This is one of an occasional post from Margaret Epperheimer, an eight-year member of Next Door’s Board of Directors.
When I wrote about Safeway meat clerk Ryan Young earlier this week, I got passionate reactions from a number of thoughtful people. Young was suspended from his job without pay when he intervened when he saw a customer pushing and kicking his pregnant girlfriend. Good news: after more than a month without his job, Safeway has reinstated Young with back pay. It took a while (too long), but Safeway has done the right thing.
Safeway got a lot of pressure from Young’s union, which had challenged the suspension immediately. Young appeared on national TV, people began boycotting and picketing outside the Del Rey Oaks (Monterey County) store, and the incident went viral. According to an Associated Press report, more than 180,000 people signed an online petition expressing outrage at Safeway’s actions on Change.org, a website that allows people to engage in social advocacy.
As for the abuser in this case, he apparently pleaded no contest to misdemeanor battery and was sentenced to three years’ probation and ordered to attend a 52-week domestic violence class.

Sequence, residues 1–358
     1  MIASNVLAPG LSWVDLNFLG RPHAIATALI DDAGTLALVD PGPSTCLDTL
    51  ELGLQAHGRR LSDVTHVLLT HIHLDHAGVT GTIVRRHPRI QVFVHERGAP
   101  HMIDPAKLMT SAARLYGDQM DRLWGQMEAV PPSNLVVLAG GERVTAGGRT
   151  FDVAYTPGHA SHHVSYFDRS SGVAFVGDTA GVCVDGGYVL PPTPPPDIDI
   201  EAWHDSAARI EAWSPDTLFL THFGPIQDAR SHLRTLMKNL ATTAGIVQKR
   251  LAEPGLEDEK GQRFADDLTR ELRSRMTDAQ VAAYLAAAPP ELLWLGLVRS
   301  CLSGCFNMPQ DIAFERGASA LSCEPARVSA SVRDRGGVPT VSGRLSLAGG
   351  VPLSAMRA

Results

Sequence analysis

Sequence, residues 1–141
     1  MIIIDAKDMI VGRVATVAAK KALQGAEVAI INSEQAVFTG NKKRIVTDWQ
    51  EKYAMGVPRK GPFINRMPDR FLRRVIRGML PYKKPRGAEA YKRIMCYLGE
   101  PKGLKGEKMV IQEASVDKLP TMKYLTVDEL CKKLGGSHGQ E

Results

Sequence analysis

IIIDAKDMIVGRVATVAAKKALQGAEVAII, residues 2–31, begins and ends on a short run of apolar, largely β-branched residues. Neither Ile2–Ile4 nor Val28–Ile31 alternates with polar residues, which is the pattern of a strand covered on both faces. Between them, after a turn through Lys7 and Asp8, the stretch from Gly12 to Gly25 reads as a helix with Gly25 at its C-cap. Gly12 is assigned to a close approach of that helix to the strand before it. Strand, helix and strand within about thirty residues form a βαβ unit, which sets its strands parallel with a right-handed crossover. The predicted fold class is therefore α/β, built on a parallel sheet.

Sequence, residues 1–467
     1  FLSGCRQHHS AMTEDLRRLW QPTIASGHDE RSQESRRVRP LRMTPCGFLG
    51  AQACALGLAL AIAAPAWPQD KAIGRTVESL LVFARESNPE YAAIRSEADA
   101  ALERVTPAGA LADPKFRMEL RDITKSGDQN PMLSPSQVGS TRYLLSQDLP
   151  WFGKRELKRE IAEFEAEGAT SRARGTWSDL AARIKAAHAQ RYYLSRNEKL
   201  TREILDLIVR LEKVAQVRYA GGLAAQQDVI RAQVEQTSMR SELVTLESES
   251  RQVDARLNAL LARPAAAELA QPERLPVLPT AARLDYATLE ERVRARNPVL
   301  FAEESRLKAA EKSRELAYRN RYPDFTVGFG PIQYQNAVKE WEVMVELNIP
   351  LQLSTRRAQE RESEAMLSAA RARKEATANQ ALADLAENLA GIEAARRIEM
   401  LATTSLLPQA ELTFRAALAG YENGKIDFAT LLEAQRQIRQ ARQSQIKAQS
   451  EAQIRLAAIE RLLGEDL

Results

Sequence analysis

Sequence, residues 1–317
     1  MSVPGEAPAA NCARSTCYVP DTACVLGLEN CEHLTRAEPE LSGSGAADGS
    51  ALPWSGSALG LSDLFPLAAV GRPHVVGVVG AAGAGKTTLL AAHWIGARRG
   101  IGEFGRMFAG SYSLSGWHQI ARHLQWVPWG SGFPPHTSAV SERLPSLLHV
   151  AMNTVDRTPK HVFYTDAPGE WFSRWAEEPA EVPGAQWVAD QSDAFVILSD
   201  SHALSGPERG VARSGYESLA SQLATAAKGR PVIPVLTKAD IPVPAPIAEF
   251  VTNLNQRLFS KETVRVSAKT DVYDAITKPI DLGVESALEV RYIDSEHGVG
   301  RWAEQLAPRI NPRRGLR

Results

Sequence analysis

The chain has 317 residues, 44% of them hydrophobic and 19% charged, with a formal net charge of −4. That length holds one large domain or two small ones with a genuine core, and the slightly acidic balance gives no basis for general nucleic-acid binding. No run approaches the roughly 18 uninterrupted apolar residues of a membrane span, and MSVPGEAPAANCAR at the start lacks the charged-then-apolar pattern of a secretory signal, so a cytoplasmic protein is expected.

Reinstating the employee who took the risk to get involved and stop violence is not enough. Safeway needs to make that generous monetary contribution to the agencies that provide shelter and support to domestic violence victims. Further, it needs to show leadership by instituting an employee education program about domestic violence, demonstrating with its care and clout that corporations CAN make a difference in the crusade to stamp out domestic violence “in the moment and for all time,” taking a cue from Next Door’s own mission statement. Safeway can make a difference and so can you.